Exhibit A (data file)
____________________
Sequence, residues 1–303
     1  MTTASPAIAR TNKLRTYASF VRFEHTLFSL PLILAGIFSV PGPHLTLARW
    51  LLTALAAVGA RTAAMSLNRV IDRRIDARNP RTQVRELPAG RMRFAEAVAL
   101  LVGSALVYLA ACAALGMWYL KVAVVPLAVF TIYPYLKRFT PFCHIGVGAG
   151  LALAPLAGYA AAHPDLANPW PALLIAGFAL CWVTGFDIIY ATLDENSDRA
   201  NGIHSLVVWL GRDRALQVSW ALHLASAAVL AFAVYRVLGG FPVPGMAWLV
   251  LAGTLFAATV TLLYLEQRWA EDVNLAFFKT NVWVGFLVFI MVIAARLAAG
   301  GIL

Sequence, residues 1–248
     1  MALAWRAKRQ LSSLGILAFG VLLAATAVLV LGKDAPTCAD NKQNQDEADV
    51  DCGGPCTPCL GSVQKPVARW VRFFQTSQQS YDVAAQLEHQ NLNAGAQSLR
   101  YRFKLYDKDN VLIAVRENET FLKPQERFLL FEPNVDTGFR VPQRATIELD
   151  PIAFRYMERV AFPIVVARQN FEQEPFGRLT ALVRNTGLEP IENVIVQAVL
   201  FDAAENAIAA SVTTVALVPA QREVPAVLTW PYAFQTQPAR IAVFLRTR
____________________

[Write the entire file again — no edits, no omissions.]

Sequence, residues 1–303
     1  MTTASPAIAR TNKLRTYASF VRFEHTLFSL PLILAGIFSV PGPHLTLARW
    51  LLTALAAVGA RTAAMSLNRV IDRRIDARNP RTQVRELPAG RMRFAEAVAL
   101  LVGSALVYLA ACAALGMWYL KVAVVPLAVF TIYPYLKRFT PFCHIGVGAG
   151  LALAPLAGYA AAHPDLANPW PALLIAGFAL CWVTGFDIIY ATLDENSDRA
   201  NGIHSLVVWL GRDRALQVSW ALHLASAAVL AFAVYRVLGG FPVPGMAWLV
   251  LAGTLFAATV TLLYLEQRWA EDVNLAFFKT NVWVGFLVFI MVIAARLAAG
   301  GIL

Sequence, residues 1–248
     1  MALAWRAKRQ LSSLGILAFG VLLAATAVLV LGKDAPTCAD NKQNQDEADV
    51  DCGGPCTPCL GSVQKPVARW VRFFQTSQQS YDVAAQLEHQ NLNAGAQSLR
   101  YRFKLYDKDN VLIAVRENET FLKPQERFLL FEPNVDTGFR VPQRATIELD
   151  PIAFRYMERV AFPIVVARQN FEQEPFGRLT ALVRNTGLEP IENVIVQAVL
   201  FDAAENAIAA SVTTVALVPA QREVPAVLTW PYAFQTQPAR IAVFLRTR